- Volkswagen shares tanked 22% in Franfurt.
- Volkswagen admitted to cheating on U.S. air pollution tests.
- Volkswagen shares (ADRs) could fall sharply in the U.S. today.
Volkswagen is in the news yet again, as the company’s shares have tanked in Frankfurt, a trend that is likely to continue with the company’s ADR in the U.S. when markets open. Volkswagen shares have fallen by over 21%, the biggest fall in over seven years, after the company admitted to cheating on U.S. air pollution tests for years. Apart from the loss of $18 billion worth in market cap in Germany, coincidentally, the company also risks being fined a similar amount.
Volkswagen’s CEO Martin Winterkorn indicated the company was co-operating with the probe and apologized for breaking the trust of the public and its customers. He also said that Volkswagen has ordered its own external investigation into the matter. Volkswagen's CEO could potentially have a tough time retaining his place, given that his contract is up for renewal following a supervisory board vote on Friday.
The EPA or Environmental Protection Agency has accused Volkwagen of developing software for diesel cars that deceives an emission test by turning on emission controls during a test, which it otherwise switches off when driving normally. The excess is huge, with cars believed to be causing 10 to 40 times the pollution that's legally permissible. The ramifications of what has transpired could be huge for Volkwagen. Apart from the obvious dent to the automaker's reputation, there's a huge financial implication, as the German company could be handed a fine of up to $18 billion. To put that into perspective, that's about 21% of Volkswagen's market cap.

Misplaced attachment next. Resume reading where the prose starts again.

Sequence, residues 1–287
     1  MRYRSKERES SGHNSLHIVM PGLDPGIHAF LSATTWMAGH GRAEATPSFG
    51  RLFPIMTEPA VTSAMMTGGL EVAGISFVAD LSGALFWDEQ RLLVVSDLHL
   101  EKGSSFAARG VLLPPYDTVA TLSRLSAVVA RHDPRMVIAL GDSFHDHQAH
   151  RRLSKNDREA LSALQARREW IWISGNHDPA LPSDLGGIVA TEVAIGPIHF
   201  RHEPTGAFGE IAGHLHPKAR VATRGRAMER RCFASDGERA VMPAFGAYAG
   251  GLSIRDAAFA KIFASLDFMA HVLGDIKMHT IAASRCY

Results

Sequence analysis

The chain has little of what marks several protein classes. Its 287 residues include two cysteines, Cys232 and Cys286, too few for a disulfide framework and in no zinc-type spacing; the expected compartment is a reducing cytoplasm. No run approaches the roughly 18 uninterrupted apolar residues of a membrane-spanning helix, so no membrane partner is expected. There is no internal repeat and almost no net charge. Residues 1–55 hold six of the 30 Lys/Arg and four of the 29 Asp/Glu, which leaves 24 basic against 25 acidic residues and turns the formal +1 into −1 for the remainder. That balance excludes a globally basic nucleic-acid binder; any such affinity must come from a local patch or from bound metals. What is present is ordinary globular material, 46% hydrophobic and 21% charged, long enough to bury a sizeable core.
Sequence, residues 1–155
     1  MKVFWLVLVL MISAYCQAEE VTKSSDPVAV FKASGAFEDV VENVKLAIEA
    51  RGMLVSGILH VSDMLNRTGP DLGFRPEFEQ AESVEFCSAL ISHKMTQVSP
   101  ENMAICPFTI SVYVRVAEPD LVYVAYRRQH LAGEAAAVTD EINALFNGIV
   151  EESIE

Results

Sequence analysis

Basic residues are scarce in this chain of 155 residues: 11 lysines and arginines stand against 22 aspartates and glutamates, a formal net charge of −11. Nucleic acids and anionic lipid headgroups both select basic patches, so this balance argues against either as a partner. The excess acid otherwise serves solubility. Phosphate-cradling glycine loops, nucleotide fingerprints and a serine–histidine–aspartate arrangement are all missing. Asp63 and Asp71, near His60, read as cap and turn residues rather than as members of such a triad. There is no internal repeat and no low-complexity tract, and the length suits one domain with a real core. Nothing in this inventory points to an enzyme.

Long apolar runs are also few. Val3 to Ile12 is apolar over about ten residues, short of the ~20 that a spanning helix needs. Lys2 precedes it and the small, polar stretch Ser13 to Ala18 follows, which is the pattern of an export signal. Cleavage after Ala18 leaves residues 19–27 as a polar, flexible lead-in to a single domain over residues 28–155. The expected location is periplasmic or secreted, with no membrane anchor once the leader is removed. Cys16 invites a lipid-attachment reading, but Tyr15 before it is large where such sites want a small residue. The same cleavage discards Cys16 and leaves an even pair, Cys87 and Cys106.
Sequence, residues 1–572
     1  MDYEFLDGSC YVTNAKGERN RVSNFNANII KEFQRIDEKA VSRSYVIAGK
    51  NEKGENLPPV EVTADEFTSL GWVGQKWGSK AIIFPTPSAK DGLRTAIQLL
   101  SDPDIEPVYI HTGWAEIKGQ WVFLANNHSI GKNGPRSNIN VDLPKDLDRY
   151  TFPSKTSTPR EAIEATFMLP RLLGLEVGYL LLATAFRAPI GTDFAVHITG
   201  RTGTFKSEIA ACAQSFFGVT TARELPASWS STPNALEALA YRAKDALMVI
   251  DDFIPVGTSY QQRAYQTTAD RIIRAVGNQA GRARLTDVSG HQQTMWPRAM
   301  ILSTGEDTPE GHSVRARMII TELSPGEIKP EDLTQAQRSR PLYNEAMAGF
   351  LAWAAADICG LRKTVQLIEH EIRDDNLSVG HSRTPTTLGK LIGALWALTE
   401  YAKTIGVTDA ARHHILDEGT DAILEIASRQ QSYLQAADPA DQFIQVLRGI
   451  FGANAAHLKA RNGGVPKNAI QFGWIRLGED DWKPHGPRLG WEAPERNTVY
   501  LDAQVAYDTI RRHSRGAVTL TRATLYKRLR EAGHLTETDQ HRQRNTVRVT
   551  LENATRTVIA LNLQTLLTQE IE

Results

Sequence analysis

Volkswagen also announced that it would stop selling, in the U.S., diesel cars with the type of engines that had led to the company being accused by the EPA. Obviously there's going to be a large number of vehicles that'd get stuck with dealers owing to the decision. Additionally, the EPA has ordered Volkswagen to recall nearly half a million vehicles.
The recall involves Volkswagen and Audi 4-cylinder vehicles from the model years 2009 to 2015. The affected models would include the Volkswagen Jetta, Golf (2014-2015), Beetle, Passat and the Audi A3. The fines could potentially be as high as $37,500 per vehicle, adding up to the potentially massive total outlined earlier in the post. Volkswagen, which recently surpassed Toyota in the number of cars sold, to become the world's biggest automaker, still lags the Japanese counterpart in the U.S. and the large scale recall with peg it back further.
This however, isn't the only bad news around the German automaker. Not more than a week ago, China's safety regulator announced that Volkswagen's China unit would recall 78,000 vehicles due to a potential defect that could come in the way of the driver's side airbag deploying properly. However, this isn't unique to Volkswagen alone, as most major automakers have recalled vehicles which had potentially defective airbags from Takata Corp.
Things just got worse for investors, as Volkswagen shares have been on a downward trend since April this year, even as the German automaker unveiled its plans to take on Tesla (NASDAQ:TSLA) at the Frankfurt auto show.
Volkswagen shares in the U.S. are already near their 52 week lows at $36.31 and could fall way lower when markets open today.